Physics 440 – Fall 2013

Department of Physics and Astronomy

Michigan State University

Web Site: http://www.pa.msu.edu/courses/2013fall/PHY440/

The aim of this course is to give students a practical introduction to modern electronic circuits.  It consists of two weekly lectures where the theory and principles of electronic circuits will be discussed, and a three-hour lab where students will get hands-on experience with electronic circuits and related instrumentation such as digital multimeters, oscilloscopes, power supplies and pulse generators etc.  The topics covered in the course will start with simple DC circuits and end in computer design of programmable logic devices (PLD's).  In between we will study AC circuits, filters, diodes, bipolar transistors, FET's, operational amplifiers and a variety of digital circuits.  Where possible we will make use of computer programs such as LabView and software from the Xilinx Corporation to program field-programmable gate arrays (FPGA's).


Please remember to fill out the SIRS form for this course.


· Matt Comstock, Professor, 4216 BPS, 884-5645, comstock@pa.msu.edu

· Joseph Glick, TA, lab sections 1 and 2, glickjos@msu.edu

· Kenneth Whitmore, TA, lab sections 3 and 4, whitmo44@msu.edu

Weekly schedule

· Lectures: Tuesday and Thursday 8:30 am – 9:50 am, 1300 BPS

· Labs: Room 1254 BPS   Labs start in week 3 (September 10)!
Section 1: Tuesday 11:30 am - 2:20 pm, Glick
Section 2: Tuesday 3 pm - 5:50 pm, Glick
Section 3: Thursday 3 pm - 5:50 pm, Whitmore
Section 4: Thursday 11:30 am - 2:20 pm, Whitmore

· Comstock office hour: Wednesday, 2pm – 3pm, 4216 BPS

· Glick office hour: Tuesday 10:30 am – 11:30 am, 1254 BPS

· Whitmore office hour: Thursday 10:30 am – 11:30 am, 1254 BPS

Course Schedule

The schedule of lectures, homework and labs including links to the lab manuals and other handouts is at



Required text:
Martin Plonus, Electronics and Communications for Scientists and Engineers, Harcourt/Academic Press, 2001, ISBN-10: 0-12-533084-7, ISBN-13: 978-0125330848. Corrections for typos in the book are here.

Suggested Reference:
P. Horowitz and W. Hill: The Art of Electronics, Second Ed., Cambridge University Press, 1995, ISBN-10: 0521370957, ISBN-13: 978-0521370950. This book is an excellent reference and students planning to continue with electronics in future years should consider acquiring it.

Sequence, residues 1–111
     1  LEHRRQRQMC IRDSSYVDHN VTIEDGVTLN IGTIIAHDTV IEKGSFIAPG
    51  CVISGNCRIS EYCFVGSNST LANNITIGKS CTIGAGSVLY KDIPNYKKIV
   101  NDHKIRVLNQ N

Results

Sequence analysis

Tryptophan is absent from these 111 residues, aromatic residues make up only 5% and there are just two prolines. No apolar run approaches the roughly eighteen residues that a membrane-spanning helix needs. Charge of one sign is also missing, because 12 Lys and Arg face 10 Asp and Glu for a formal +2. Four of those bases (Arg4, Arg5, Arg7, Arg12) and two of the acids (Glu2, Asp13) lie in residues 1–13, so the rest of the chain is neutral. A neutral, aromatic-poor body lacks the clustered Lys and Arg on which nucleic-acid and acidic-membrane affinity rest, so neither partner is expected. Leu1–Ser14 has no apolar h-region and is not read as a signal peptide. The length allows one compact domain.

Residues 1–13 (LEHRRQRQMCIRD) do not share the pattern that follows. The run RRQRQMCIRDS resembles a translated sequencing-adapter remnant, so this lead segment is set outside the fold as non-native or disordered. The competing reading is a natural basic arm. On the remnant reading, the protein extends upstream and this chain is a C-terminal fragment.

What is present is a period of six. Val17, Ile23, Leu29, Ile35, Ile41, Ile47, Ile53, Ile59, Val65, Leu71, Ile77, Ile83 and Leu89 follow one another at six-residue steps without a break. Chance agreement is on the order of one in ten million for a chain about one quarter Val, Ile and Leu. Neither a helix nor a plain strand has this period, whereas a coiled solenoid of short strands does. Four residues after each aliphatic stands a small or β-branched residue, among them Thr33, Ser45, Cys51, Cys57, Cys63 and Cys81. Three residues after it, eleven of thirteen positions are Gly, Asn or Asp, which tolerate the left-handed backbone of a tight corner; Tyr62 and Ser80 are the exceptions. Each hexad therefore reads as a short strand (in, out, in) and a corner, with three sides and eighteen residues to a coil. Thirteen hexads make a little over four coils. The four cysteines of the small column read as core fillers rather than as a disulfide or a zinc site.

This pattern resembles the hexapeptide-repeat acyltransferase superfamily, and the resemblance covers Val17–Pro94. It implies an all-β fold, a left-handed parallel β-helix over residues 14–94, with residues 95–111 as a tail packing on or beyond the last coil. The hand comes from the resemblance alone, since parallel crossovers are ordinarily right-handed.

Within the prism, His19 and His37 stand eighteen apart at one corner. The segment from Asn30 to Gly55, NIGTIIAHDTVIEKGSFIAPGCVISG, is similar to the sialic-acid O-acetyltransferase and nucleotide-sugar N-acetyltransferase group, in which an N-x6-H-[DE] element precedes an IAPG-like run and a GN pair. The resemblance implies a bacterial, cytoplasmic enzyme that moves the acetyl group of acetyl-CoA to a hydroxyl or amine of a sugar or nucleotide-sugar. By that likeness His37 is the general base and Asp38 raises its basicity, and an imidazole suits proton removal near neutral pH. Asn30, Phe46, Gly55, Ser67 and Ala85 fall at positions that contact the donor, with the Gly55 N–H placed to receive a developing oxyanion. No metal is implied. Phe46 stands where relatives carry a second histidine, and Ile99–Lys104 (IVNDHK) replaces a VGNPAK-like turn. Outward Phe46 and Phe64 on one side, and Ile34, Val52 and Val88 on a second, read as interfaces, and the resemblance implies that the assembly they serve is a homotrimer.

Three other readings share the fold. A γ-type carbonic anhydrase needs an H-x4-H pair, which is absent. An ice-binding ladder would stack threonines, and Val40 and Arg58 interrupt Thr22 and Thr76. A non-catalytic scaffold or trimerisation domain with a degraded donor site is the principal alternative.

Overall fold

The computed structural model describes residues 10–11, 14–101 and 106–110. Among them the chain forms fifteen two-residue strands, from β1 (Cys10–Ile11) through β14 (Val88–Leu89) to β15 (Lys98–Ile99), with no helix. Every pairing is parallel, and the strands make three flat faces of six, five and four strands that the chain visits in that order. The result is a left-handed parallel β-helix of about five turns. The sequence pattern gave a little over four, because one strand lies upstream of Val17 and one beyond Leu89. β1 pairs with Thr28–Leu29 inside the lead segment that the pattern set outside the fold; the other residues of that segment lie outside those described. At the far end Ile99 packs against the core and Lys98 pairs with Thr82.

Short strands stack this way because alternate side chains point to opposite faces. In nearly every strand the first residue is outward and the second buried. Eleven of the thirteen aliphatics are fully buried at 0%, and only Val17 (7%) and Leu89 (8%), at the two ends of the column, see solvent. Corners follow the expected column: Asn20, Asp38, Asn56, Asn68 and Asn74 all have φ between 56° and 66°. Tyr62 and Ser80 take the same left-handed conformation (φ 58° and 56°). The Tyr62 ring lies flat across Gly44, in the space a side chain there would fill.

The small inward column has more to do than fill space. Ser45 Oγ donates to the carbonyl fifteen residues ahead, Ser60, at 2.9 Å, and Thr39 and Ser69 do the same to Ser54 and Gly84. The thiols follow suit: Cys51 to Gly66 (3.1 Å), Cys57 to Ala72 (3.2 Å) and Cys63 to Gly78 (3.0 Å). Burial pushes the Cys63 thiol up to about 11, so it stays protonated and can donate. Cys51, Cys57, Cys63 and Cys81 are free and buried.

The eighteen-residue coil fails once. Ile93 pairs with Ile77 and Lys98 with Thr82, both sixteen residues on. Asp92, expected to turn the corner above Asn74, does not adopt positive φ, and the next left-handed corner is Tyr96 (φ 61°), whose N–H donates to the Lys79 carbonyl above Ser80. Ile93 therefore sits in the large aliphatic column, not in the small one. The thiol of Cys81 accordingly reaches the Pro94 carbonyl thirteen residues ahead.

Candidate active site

Optional References:
Nigel P. Cook: Electronics A Complete Course, Second Ed., Person Prentice Hall, 2004, ISBN-10: 0-13-111066-7, ISBN-13: 978-0131110663. This book is very detailed and easy to follow but doesn't cover all of the material.
A. J. Diefenderfer and B. E. Holton, Principles of Electronic Instrumentation, Third Ed., Thomson Brooks/Cole, 1994, ISBN-10: 0030747090, ISBN-13: 9780030747090. This book was previously used in this course, it is older but some of the descriptions/explanations are more detailed.

Clicker Questions

We will have i-clicker questions during the lecture.  Remember to bring your i-clicker to each lecture.

Homework and Quizzes

There will be weekly homework assignments, due at the beginning of class on Thursdays.  Quizzes will be given during lecture; there will be roughly fourteen quizzes throughout the semester.  Calculators are required for the quizzes; therefore please bring a calculator to each lecture.

Laboratory Procedure and Notebook

The laboratory part of the course consists of a series of experiments that students will perform working alone.  Students will need to get the standard lab notebook (no carbon copies) into which they will enter all relevant information associated with an experiment.  The laboratory exercises will be performed during 2h 50min lab periods.  This time is fairly packed with activity.  Thus it is essential for the student to thoroughly prepare for the lab including: carefully reading the lab manual and related text, and completing pre-lab computations.  The data entered into the notebook will be left with a laboratory instructor, for grading.  No additional formal write up will be required, but students are cautioned to enter all relevant data and explanations clearly and succinctly so that the grader can easily follow the work done.  No erasures or page removal is allowed. (This follows standards for maintaining lab notebooks within research practice.)  If an error is made, it should be neatly crossed out and the corrected data re-entered.  In general, there are no make-up labs (rare exceptions can be made with advance notice).

More laboratory procedure tips.


Your quiz, lab and homework scores will be available on Angel. You can also submit comments and questions through Angel.


The scores on the homework assignments, quizzes, and laboratory notebook will determine your Total Score.  The Total Score is weighted as follows: 20%-Homework, 30%-Quizzes, 50%-Laboratory.  Grade assignments at the end of the term will be taken from the table below. (It may be shifted slightly in your favor.)  There will be no final exam.

Total Score % and Grade

Minimum %